Registration Dossier

Administrative data

Endpoint:
acute toxicity: dermal
Type of information:
experimental study
Adequacy of study:
key study
Study period:
1983-09-22 to 1983-10-05
Reliability:
2 (reliable with restrictions)
Rationale for reliability incl. deficiencies:
study well documented, meets generally accepted scientific principles, acceptable for assessment

Data source

Reference
Reference Type:
study report
Title:
Unnamed
Year:
1983

Materials and methods

Principles of method if other than guideline:
14-day repeat dermal test
GLP compliance:
yes
Test type:
other: 14-day repeat dermal test

Test material

Reference
Name:
Unnamed
Type:
Constituent

Test animals

Species:
rat
Strain:
Sprague-Dawley
Sex:
male
Details on test animals and environmental conditions:
TEST ANIMALS
- Strain:Sprague-Dawley
- Sex. male
- Age: adult
- Weight at study initiation: Males: 400 - 450 g
- Housing: single
- Diet: ad libitum, Rat and Mouse Expanded Diet No. 1, Special Diet, Services Limited, Witham, Essex, U.K.)K,
- Water (e.g. ad libitum): tap water
- Acclimation period: 7 days

ENVIRONMENTAL CONDITIONS
- Temperature (°C): 21 +/- 3 °C
- Humidity (%): 50 - 80 %
- Photoperiod (hrs dark / hrs light): 12 hours daily

Administration / exposure

Type of coverage:
semiocclusive
Details on dermal exposure:
- The hair was shaved from the back and flanks of all animals approximately 24 hr before first treatment.
- Each day for 14 days each animal was subject to the following procedure.
Animal weighed and weight recorded.
Animals condition and behaviour observed.
The appropriate volume of test-article was dispensed onto a predetermined quarter of the shaved area.
Care was taken to avoid application of test-article to skin which had visible damage from a previous treatment.
Control animals received no treatment.
The treated area was covered with a gauze patch, held in place by non-irritant adhesive tape
After 6 hr the rat was released from the restraining cage and the dressings removed.
The treated area was washed gently with tap-water to remove any remaining test-article.
Duration of exposure:
6 hours
Doses:
4
No. of animals per sex per dose:
8
Control animals:
yes
Details on study design:
The rat was observed and any abnormalities of behaviour or condition not noted at the morning examination were recorded.

Assessment of degree of irritation
The degree of irritation present in the treated skin was scored numerically

Results and discussion

Effect levels
Key result
Sex:
male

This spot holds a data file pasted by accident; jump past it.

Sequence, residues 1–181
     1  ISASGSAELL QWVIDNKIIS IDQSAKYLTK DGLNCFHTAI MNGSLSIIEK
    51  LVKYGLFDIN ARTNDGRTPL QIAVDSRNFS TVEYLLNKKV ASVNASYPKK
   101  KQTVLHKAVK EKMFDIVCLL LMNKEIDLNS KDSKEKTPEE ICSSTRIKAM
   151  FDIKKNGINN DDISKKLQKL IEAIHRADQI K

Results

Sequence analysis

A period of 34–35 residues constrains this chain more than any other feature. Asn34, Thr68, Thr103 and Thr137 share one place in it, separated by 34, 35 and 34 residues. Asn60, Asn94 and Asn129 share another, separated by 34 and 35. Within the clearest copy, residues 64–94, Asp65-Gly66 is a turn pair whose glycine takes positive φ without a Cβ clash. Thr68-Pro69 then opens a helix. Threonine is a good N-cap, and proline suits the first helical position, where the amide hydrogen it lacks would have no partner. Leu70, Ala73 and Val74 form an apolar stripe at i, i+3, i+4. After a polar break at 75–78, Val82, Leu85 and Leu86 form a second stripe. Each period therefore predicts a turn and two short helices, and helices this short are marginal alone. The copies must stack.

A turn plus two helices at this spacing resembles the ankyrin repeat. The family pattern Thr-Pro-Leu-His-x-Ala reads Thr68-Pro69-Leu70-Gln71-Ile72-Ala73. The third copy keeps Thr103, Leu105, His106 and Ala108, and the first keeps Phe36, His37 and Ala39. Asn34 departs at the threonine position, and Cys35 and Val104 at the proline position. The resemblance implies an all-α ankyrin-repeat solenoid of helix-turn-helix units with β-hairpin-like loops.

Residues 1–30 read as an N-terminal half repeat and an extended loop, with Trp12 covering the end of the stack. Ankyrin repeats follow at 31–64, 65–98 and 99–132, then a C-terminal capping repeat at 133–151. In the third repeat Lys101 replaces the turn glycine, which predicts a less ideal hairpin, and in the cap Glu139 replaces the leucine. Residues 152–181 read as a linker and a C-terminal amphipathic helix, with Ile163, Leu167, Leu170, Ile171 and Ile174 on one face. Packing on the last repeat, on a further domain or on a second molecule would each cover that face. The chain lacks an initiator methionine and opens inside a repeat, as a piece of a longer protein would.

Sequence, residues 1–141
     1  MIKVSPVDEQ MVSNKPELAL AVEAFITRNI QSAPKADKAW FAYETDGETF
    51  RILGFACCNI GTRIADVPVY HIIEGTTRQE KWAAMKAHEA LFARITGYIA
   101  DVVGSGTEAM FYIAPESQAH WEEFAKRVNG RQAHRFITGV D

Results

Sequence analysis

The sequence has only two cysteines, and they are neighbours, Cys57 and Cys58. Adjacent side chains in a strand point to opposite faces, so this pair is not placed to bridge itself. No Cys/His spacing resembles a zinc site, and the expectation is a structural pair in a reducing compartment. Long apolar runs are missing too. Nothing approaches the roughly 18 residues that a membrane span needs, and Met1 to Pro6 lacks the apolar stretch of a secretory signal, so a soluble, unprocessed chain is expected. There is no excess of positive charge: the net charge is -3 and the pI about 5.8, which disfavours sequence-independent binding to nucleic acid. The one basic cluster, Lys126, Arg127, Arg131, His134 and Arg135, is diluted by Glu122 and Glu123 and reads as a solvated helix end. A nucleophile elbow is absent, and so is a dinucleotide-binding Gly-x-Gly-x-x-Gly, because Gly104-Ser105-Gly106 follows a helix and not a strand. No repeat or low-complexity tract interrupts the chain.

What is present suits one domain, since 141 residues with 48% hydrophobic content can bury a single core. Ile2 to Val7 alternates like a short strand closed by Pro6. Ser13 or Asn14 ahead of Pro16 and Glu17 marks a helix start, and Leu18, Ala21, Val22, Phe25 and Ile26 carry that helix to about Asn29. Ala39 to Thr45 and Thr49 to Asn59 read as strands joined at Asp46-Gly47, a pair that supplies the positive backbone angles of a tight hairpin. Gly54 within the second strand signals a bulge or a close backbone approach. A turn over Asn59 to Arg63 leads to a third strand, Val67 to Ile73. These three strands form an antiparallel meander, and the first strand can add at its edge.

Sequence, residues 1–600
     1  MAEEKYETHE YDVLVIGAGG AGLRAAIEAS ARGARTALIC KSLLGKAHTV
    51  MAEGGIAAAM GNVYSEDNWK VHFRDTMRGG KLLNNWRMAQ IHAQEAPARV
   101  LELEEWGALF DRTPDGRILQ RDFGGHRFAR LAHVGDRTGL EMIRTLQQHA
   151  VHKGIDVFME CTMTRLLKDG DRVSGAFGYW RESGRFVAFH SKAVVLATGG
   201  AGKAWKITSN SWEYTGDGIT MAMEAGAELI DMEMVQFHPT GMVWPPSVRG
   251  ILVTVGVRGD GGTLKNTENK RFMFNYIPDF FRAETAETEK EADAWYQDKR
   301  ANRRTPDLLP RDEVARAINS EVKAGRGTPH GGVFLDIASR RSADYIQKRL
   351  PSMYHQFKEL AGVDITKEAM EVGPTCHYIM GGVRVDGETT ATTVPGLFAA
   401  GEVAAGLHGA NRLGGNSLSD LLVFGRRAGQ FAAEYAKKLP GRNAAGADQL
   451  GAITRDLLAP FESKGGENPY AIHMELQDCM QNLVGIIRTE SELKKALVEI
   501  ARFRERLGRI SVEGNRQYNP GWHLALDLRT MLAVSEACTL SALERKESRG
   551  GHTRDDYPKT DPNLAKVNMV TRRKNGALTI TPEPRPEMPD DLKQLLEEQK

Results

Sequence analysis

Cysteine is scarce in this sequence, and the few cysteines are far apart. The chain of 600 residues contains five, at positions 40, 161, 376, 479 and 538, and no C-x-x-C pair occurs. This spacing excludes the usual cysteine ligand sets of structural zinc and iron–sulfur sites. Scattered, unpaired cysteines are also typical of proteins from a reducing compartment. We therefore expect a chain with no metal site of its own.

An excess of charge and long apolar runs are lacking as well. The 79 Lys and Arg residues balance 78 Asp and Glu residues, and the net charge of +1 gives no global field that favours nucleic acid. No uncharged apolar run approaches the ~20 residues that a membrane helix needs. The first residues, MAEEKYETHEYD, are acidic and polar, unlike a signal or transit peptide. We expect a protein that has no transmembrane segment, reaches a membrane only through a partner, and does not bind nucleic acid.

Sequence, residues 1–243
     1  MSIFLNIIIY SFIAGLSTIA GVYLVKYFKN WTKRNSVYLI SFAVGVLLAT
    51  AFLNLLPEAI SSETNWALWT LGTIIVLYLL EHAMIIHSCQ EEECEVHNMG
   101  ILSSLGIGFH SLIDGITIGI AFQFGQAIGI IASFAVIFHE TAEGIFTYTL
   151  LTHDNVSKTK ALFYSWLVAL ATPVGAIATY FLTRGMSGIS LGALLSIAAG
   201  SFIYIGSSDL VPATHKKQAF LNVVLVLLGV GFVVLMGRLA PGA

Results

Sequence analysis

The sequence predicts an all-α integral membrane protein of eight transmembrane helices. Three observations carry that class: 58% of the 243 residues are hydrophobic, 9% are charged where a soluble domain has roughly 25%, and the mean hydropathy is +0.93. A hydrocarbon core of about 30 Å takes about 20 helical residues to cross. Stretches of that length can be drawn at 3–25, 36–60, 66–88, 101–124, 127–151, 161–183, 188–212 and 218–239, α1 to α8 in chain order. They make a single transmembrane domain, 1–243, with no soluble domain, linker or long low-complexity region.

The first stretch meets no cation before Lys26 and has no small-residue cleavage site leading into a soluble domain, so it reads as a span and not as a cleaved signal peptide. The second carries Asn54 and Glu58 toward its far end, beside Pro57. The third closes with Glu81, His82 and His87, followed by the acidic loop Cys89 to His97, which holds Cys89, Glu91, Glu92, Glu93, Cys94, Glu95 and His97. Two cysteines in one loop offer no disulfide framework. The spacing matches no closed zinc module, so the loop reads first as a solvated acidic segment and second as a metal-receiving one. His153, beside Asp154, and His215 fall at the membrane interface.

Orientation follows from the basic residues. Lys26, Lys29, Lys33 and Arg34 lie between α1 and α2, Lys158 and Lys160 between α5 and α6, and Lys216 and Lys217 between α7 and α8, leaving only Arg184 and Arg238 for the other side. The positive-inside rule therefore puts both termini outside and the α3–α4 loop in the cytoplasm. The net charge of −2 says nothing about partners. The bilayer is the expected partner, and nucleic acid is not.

Dose descriptor:
LD50
Effect level:
> 1 mL/kg bw
Based on:
test mat.
Remarks on result:
other: No animals died but skin effects were so severe that treatment was stopped after 4 days. More prolonged treatment with test item was not possible.
Mortality:
No deaths occurred during the study.
Clinical signs:
There were no visible signs of systemic toxicity during the study
At a dose of 1.0 ml/kg/day the test-article produced a very severe skin response consisting of extensive eschar formation and ulceration. This response was so severe that treatment was discontinued after 4 days, both to avoid unnecessary suffering and because there was insufficient unaltered skin to which treatment could be applied.
Body weight:
The rats given the 1.0 ml/kg/day dose of test item lost an average of 60 g during the four-day treatment compared with a slight (4 g) gain by the controls. The treated rats gained weight when dosing was stopped and although the gain over the 14-day period of the study was less than the control the gain over the last ten days was higher than control.
Gross pathology:
At post-mortem examination no difference was seen between treated and control animals in the appearance of any of the tissues apart from the treated areas of skin.

Any other information on results incl. tables

No deaths occurred during the study, however at a dose of 1.0 ml/kg/day the test-article produced a very severe skin response consisting of extensive eschar formation and ulceration. This response was so severe that treatment was discontinued after 4 days, both to avoid unnecessary suffering and because there was insufficient unaltered skin to which treatment could be applied.

There were no visible signs of systemic toxicity during the study and, within the limits of a gross examination, no organ damage was seen at autopsy. The rats given the 1.0 ml/kg/day dose of test item lost an average of 60 g during the four-day treatment

compared with a slight (4 g) gain by the controls. The treated rats gained weight when dosing was stopped and although the gain over the 14-day period of the study was less than the control the gain over the last ten days was higher than control.

These changes of weight gain possibly reflect a toxic change but might be due to a reduced food intake resulting from the discomfort caused by the severe irritation. Without more detailed data it is not possible to separate these two possibilities.

Applicant's summary and conclusion

Conclusions:
The dermal LD50 is > 1 ml/kg in rats.
Executive summary:

The test material is corrosive and with the exception of local effects at the site of administration the test material doesn't appear to cause systemic effects when applied dermally to the skin of rats.